Story: It's the year 1951 and war rages in Korea. The North and South lead a fierce battle against each other, supported by China and America, respectively. In a prisoner of war camp of the South, the communist Ro Gi-soo (Do Kyung-soo) is held captive. He is the brother of a war hero from the North. There are constant riots in the camp, but the military leadership tries to follow the Geneva Convention while also ensuring comfortable living conditions for the prisoners. The intention behind it is to convert the communists to capitalists. So far, Ro Gi-soo stayed true to his ideology, but he is put to an acid test when he watches the black G.I. Jackson (Jared Grimes) tap dancing and is completely captivated by the dance's magic. Eventually, the camp's warden (Ross Kettle) instructs Jackson to put together a dance group and prepare a performance in order to convince the international press of the camp's faultlessness. Jackson organizes a casting and in the end, he lets the traditional dancer Byeong-sam (Oh Jung-se) and the Chinese prisoner Xiaofang (Kim Min-ho) join the group. Giving a helping hand is Pan-rae (Park Hye-soo), who works as a translator for him. Ultimately, Gi-soo starts to show interest in the dance group as well, and he seems to have a lot of talent. Despite everything, there is still a war going on, though, and it seems clear which side each dance group member shows allegiance to...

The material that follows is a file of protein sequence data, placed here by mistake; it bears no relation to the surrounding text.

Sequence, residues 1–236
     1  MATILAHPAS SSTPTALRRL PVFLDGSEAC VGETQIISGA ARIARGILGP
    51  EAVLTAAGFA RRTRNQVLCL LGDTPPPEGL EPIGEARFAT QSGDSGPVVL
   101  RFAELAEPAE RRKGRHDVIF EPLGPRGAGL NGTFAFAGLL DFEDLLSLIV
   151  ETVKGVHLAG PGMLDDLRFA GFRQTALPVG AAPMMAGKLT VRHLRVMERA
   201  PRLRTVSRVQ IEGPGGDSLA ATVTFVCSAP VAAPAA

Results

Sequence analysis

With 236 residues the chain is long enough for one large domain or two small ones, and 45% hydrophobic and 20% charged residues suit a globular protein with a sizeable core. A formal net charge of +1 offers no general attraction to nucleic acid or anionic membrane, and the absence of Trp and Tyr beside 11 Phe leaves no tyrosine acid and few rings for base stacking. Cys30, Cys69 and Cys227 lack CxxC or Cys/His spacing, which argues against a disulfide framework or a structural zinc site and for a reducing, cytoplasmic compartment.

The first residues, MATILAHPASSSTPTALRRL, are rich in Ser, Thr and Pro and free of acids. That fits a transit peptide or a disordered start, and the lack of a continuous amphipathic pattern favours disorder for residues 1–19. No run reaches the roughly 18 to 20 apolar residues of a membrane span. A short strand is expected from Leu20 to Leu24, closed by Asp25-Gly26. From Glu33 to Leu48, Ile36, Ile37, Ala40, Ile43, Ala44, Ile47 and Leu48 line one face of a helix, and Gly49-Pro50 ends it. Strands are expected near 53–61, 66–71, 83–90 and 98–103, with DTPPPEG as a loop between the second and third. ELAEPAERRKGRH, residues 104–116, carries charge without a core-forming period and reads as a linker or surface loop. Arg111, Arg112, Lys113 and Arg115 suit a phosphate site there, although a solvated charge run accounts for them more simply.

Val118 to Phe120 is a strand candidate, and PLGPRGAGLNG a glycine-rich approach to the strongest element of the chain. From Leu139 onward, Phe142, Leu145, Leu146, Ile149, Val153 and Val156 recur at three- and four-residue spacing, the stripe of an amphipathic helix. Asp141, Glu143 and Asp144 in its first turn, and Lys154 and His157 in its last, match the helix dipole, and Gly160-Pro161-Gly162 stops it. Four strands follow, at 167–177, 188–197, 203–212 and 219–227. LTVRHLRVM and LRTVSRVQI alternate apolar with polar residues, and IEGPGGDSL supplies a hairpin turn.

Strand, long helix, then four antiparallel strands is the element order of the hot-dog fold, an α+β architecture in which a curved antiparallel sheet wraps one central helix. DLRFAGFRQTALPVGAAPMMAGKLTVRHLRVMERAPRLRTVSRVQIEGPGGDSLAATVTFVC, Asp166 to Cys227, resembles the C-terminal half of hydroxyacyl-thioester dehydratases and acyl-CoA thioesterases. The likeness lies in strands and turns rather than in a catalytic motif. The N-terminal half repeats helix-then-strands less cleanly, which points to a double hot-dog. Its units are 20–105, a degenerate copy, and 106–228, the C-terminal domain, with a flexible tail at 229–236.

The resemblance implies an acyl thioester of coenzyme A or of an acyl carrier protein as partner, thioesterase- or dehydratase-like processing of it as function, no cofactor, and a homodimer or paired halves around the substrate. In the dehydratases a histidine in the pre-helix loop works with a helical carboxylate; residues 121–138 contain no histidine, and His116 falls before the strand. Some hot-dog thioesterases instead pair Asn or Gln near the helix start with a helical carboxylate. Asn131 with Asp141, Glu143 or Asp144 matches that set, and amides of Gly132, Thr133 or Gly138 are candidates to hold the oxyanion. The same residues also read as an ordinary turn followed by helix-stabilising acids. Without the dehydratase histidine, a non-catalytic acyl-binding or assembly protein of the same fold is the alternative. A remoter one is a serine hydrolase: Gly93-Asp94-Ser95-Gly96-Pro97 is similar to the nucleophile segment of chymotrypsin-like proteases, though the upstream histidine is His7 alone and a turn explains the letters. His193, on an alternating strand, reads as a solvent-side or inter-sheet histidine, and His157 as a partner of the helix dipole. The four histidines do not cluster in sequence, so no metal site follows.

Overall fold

Review: Swing and tap dancing are subjects which are definitely not even close to my field of interest. But the fantastic Japanese movie "Swing Girls" taught me to keep an open mind beyond the usual and favored topics. Even though "Swing Kids" might not be a masterpiece, it still manages to captivate you emotionally and provides those cheerful but also sometimes dramatic elements you hoped for. We are dealing with an interesting genre mix here, as director Kang Hyeong-cheol ("Sunny") integrates tap dancing into the Korean War; ideology meets culture-connecting dance. The question where all this is supposed to lead to, is exactly what keeps your interest up in a movie which ended up being a little too long. Nevertheless, the jumble of genres is also the reason why not everything fits together seamlessly. Some final touches would have been a good idea.
Korea has adapted its most traumatic historical event, the Korean War, numerous times already, most recently with "The Battleship Island" for example. But this time we find ourselves at a POW-camp, which redirects the focus from the gruesome war events to a smaller scale and changes the emphasis to the characters. That works pretty well. In addition, the story comes along surprisingly fast-paced and cheerful at the beginning. Surely, you never forget that the story takes place at war, but the prisoners feel rather well and goof around. However, as the brother of a war hero, Gi-soo has a certain kind of responsibility and you can see it in his grimness. But all this dissolves when it comes to his first dancing attempts. The movie's tone is clearly optimistic and the characters get more of a pep into their steps, which also has an effect on the movie's tone.